Pandya brothers open up on challenges of bio-bubble life; Hardik explains what keeps them motivated in bubbles

Cricketers are forced to stay in bio-bubbles during a series amid the COVID-19 pandemic.

Hardik Pandya and Krunal Pandya | GettyEver since the resumption of international cricket post COVID-19 hiatus, the players have been forced to stay in bio-bubbles, where their movement is confined to just hotels and stadiums.

No wonder, cricketers are finding it mentally challenging and many of them have only spoken about it.

Recently, India all-rounders Krunal Pandya and Hardik Pandya opened up on the challenges of being a cricketer in these unprecedented times.

See Also: Lockdown period helped me and Krunal improve as overall individuals, says Hardik Pandya

"It is difficult. When you are playing at the highest level, there is also the constant pressure of performance as well. When you are playing at the highest level, when you're playing for your country, when you're playing for your franchise team, the pressure of performance is always there. Whether you do well or whether you don't do well. We are going through this stuff (Covid situation) and there's this bio bubble as well. So it's mentally challenging," Krunal told TOI Sportscast.

When asked what keeps the players motivated in bubbles for extended period, Hardik replied: "The one thing that always motivated us (while being in strict bio-bubbles) was that we were able to play cricket. We were able to bring smiles to so many faces.”

“As cricketers when we are playing IPL for instance, when we used to play our game, obviously we were busy. But when we don't have the game (not playing), we actually look forward to watching a game. For people it brought so much happiness. When the IPL is over, lots of people don't know what to watch. (People say) 7 baje ka to adat ho gaya, ab kya karein? (we have got used to watching the IPL at 7 pm, now what do we watch?). We feel the same. The funny part is we feel the same. IPL khatam hota hai to lagta hai 7 baje kuch ayega nahin (when the IPL is over we feel like there's nothing to do when it's 7pm)," he further explained.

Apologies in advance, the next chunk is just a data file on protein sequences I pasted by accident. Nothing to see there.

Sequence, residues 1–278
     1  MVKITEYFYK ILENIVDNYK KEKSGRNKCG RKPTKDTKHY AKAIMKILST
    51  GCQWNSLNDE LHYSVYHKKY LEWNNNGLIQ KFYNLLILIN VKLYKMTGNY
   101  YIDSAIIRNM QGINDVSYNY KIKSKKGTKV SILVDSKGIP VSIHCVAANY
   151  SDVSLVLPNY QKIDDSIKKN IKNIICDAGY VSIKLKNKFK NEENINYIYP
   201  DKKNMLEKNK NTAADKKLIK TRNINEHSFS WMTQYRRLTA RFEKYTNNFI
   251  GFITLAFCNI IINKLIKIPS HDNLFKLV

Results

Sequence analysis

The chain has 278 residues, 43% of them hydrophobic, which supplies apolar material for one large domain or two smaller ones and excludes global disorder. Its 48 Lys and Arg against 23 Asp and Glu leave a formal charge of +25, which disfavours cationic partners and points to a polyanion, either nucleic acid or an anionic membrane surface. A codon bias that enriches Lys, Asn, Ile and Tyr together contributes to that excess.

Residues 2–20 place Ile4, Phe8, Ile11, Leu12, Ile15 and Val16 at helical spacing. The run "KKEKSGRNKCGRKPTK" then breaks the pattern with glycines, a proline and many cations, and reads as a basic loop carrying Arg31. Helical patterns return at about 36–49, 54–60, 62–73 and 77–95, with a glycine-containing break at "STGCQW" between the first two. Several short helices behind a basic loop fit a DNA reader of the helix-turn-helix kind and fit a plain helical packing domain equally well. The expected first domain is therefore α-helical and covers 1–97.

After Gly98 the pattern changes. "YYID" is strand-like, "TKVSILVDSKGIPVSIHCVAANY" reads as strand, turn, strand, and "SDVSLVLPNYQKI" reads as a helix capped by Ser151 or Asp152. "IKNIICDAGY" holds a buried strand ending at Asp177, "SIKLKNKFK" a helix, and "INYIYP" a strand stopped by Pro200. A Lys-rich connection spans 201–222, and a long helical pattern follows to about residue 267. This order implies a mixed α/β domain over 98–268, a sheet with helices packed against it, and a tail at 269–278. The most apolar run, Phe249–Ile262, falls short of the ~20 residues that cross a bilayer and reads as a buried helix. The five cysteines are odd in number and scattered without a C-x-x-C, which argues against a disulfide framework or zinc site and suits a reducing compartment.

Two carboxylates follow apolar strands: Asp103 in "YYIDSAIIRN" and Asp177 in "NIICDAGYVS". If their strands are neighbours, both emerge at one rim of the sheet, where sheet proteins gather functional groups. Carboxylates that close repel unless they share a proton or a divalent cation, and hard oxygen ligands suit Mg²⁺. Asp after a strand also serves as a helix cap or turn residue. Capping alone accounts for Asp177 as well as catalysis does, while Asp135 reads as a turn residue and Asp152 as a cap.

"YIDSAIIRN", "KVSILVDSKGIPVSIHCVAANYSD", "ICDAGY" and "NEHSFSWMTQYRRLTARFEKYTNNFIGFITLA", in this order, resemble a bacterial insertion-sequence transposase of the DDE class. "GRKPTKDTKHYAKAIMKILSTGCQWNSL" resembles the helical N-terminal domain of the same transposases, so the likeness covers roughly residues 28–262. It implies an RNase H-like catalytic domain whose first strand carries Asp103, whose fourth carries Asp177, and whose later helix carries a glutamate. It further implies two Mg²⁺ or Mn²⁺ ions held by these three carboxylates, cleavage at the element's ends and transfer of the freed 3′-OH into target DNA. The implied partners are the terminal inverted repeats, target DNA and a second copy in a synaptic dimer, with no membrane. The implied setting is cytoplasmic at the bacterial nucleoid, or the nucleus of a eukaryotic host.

Mental health is another aspect that sportspersons have to deal with. Over the last two years, many leading cricketers, including Australia’s Glenn Maxwell, have openly spoken about it. In fact, Maxwell had taken a break from the game in 2019 to deal with mental health issues.

According to Krunal, the pressure of performing with consistency was already there and the bio-bubble life has made things even more difficult.

"I have been in both situations. When you are doing well, it's fine, because you are in a bubble to do a certain thing and that thing is going well, in terms of your cricket. But, at the same time when things are not going your way and you are limited to that bubble, it takes a toll. It is difficult and every individual has their own way of dealing with those situations. But it is difficult. Sometimes, yes, we see that staying in a 5 star hotel, playing, coming on TV, but at the same time there is a lot of hard work (that goes in) behind it. There are a lot of battles we fight within ourselves." Krunal said.

Pandya brothers were last seen in action for Mumbai Indians during the IPL 2021, which was suspended last month due to COVID-19 cases inside the bio-bubbles of multiple franchises. They will return to action during the white-ball series against Sri Lanka next month.

(With TOI inputs)


By Salman Anjum - 14 Jun, 2021

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